About 100 city workers protested stalled negotiations over healthcare and pension plans. (Madeleine Pauker)

City of Santa Monica workers picketed the mayor’s annual State of the City address Wednesday over cuts to healthcare and pensions.

About 100 workers represented by the Teamsters union held a demonstration outside of the Soka Gakkai International Ikeda Auditorium in downtown Santa Monica Wednesday evening to protest contract negotiations with the city that have stalled for more than a year.

“This demonstration is how we peacefully express our discontent,” said Carlos Rubio, a Teamsters Local 911 negotiator. “We want to be heard and we want city leaders to stand with workers who take care of our city.”

As he tries to balance a budget weighed down by a $448 million unfunded pension liability, City Manager Rick Cole is asking 1,800 employees to contribute more of their earnings to their healthcare and pension plans, Rubio said. 

CalPERS, the state’s public employee retirement system, fell into crisis during the Great Recession and left municipalities around the state with deep gaps between the pensions they had promised workers and the value of CalPERS’ assets. 

Santa Monica is one of the only cities in California that has started making payments on its liability over an accelerated timeline. Combined with rising pension costs and flattening revenues, paying off the liability will result in a budget shortfall of $20 to $50 million over the next decade.

Now, Cole is trying to reduce the city’s contribution to employee pensions to bring the budget back into the black.

“These negotiations are particularly tough because we must tackle pension reform to maintain long term financial health,” the city said in a statement. “We are fortunate to have tremendously talented and dedicated staff who provide exceptional service to the community. We continue to hope to reach agreement on a path that matches the realities of the day.”

Under a pension plan that dates back decades, workers hired before July 1, 2012 — who make up about two-thirds of the city’s workforce — received 2.7% of their highest annual earnings times the number of years of service upon retirement and contributed 6.7% of their earnings toward their pension. Those hired after 2012 received 2% of their monthly salary and contributed 7% of their earnings.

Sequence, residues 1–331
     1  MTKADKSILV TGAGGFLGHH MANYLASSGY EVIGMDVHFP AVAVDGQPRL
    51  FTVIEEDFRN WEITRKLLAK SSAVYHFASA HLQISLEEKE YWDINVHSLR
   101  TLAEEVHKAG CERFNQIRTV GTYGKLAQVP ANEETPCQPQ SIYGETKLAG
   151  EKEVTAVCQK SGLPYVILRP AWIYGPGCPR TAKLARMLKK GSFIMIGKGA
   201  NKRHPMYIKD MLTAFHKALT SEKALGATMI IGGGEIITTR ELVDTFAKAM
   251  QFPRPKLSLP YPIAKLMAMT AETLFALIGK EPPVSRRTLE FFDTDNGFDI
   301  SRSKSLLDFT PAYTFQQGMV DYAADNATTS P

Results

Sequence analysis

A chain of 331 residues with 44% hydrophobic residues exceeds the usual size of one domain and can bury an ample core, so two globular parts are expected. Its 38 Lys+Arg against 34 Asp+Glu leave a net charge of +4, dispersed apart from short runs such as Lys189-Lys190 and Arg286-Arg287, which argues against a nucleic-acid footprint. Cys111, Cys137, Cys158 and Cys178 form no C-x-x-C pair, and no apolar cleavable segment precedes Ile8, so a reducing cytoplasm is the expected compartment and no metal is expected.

The healthcare agreement for city employees represented by unions such as the Teamsters, Municipal Employees Association and Public Attorneys Union, as well as those covered by the city’s executive pay plan, was executed in January 2015 and expired in December 2018. 

Under the agreement, workers covered 6% to 7% of their monthly healthcare premiums. In 2015, an individual contributed between $30 and $50 per month and a family contributed between $80 and $130 per month.

The pension and healthcare plans have been under negotiation since December 2018. While neither the unions nor the city were able to discuss the terms of the negotiations, Rubio said he believes the contracts that Cole has proposed put too much onus on workers to cover the costs of retirement and medical care.

“I understand that we need to address pension reform and medical insurance cost reform, but not on the backs of the workers,” Rubio said. 


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  1. Funny how the labor unions say they recognize that health insurance and pension costs need to be addressed, but then claim that the City should not recoup those costs on the “backs of the workers.” Who else should pay for these costs? The tax payers who don’t get those lucrative pensions or only have to pay $130 per month for health insurance for the ENTIRE family? Where do they think the money comes from? Talk about entitlement.

    P.S. I am a registered democrat who has only ever voted for democrats, so please don’t start calling me a Trump supporting republican.

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